A comparison of head motion and prefrontal haemodynamics during upright and recumbent cycling exercise

Gavin D. Tempest, Roger G. Eston, Gaynor Parfitt

Research output: Contribution to journalArticlepeer-review

Abstract

The aim of this observational study was to compare head motion and prefrontalhaemodynamics during exercise using three commercial cycling ergometers. Participants (n=12) completed an incremental exercise test to exhaustion duringupright, recumbent and semi-recumbent cycling. Head motion (using accelerometry), physiological data (oxygen uptake, end-tidal carbon dioxide [PETCO2] andheart rate) and changes in prefrontal haemodynamics (oxygenation, deoxygenation and blood volume using near infrared spectroscopy [NIRS]) were recorded.Despite no difference in oxygen uptake and heart rate, head motion was higherand PETCO2was lower during upright cycling at maximal exercise (P<005). Analyses of covariance (covariates: head motionP>005; PETCO2,P<001) revealed that prefrontal oxygenation was higher during semi-recumbent than recumbentcycling and deoxygenation and blood volume were higher during upright than recumbent and semi-recumbent cycling (respectively;P<005). This work highlights the robustness of the utility of NIRS to head motion and describes the potential postural effects upon the prefrontal haemodynamic response duringupright and recumbent cycling exercise.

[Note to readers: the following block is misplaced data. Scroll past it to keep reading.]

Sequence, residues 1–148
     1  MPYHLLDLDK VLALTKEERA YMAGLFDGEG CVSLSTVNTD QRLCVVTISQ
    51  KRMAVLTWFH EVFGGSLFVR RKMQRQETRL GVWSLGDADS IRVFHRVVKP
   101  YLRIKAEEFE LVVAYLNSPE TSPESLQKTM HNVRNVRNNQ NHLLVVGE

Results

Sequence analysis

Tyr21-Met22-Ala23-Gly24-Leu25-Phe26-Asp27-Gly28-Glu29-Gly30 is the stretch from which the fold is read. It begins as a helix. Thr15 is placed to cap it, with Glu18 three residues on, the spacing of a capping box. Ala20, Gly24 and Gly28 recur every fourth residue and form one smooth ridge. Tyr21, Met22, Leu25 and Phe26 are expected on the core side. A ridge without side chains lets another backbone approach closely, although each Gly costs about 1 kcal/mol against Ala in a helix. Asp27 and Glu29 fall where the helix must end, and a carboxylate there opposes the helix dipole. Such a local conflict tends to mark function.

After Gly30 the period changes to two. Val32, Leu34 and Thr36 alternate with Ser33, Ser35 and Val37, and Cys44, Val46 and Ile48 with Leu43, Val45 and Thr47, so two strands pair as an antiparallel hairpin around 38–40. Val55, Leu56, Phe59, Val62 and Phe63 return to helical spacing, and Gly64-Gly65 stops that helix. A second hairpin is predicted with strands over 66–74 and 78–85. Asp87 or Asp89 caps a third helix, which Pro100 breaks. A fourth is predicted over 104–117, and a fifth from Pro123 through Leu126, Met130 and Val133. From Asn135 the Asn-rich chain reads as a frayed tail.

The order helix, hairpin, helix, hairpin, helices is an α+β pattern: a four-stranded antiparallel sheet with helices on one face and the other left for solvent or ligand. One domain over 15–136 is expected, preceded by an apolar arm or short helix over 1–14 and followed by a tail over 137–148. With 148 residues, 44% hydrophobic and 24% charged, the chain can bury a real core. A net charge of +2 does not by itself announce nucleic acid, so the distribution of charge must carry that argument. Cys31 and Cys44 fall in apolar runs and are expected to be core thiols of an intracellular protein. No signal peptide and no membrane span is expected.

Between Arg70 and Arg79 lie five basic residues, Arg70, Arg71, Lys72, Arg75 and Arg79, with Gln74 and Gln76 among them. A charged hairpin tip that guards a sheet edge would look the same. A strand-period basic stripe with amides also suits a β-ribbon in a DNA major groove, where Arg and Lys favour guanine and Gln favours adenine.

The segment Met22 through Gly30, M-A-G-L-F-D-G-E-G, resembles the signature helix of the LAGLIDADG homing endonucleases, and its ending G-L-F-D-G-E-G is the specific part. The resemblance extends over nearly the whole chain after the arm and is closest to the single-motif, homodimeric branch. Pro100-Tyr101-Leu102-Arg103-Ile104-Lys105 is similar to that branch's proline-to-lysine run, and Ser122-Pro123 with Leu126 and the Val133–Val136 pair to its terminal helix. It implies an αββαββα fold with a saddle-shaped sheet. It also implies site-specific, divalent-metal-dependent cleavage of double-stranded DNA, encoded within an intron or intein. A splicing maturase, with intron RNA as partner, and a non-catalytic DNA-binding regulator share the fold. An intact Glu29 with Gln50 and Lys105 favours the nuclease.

Original languageEnglish
Pages (from-to)723-729
JournalClinical Physiology and Functional Imaging
Volume37
Issue number6
Early online date27 Apr 2016
DOIs
Publication statusPublished - Nov 2017

Cite this